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As part of daily life, popular entertainments become common subjects when art stopped being mainly concerned with morality themes. In fifteenth- and sixteenth-century Netherlands the richness of everyday life became a subject for art. Fairs and saints’ days were opportunities for revelry and drunkenness that would normally be frowned on. Hogarth carried this idea into eighteenth-century Britain, but by the nineteenth century depictions of rural fairs show them as sober and picturesque occasions.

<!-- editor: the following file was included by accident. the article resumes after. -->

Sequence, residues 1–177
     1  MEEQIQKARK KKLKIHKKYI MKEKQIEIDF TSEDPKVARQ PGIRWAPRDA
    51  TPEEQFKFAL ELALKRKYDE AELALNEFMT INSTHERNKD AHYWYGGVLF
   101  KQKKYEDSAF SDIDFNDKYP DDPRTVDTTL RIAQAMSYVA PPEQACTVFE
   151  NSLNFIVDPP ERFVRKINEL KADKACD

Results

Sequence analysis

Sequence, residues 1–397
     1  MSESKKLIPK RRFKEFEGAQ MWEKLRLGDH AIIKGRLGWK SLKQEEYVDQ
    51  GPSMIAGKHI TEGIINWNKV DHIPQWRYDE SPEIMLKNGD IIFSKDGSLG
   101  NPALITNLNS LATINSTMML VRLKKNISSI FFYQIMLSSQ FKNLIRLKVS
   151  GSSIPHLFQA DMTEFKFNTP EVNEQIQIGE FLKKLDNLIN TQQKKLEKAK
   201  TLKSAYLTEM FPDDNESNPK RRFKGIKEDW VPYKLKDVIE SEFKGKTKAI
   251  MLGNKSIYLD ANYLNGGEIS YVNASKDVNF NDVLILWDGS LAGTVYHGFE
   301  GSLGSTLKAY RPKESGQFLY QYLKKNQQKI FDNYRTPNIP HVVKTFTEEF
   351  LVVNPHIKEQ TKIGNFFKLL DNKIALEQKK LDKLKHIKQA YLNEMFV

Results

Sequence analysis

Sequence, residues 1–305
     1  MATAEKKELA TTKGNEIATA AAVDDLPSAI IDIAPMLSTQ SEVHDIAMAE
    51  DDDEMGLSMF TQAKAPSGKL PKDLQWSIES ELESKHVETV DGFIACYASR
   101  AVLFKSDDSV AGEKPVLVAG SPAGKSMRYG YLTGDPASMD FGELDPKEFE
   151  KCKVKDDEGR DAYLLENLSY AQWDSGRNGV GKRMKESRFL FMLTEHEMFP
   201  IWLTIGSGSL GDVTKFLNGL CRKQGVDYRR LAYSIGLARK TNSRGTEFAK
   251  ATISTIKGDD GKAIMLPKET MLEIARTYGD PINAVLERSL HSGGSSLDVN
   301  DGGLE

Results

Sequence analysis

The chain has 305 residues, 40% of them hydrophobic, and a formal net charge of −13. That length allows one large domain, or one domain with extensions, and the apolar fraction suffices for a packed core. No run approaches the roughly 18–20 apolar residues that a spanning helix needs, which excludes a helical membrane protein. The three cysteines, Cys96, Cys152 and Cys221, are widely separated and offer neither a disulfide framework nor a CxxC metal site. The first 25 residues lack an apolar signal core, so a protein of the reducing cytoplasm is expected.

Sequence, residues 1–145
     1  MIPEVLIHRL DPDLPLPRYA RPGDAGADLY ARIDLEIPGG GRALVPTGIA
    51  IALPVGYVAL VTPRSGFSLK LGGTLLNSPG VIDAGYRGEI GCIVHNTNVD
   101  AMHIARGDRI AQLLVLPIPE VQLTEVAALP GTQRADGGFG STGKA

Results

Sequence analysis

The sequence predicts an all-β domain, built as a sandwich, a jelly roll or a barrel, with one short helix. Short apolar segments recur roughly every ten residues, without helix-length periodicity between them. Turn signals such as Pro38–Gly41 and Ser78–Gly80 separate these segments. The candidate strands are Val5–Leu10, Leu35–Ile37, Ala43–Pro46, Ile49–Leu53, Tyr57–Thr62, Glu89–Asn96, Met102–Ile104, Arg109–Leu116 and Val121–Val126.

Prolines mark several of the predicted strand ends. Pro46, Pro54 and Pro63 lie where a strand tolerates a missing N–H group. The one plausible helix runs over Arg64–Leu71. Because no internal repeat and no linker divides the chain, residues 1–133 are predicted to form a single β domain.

After improvements in artificial lighting towards the end of the century, the Impressionists found both the bright lights and the hidden world of the circus irresistible. Degas’ circus performers are well known; in Britain, Laura Knight made a speciality of gypsy, fairground and circus subjects.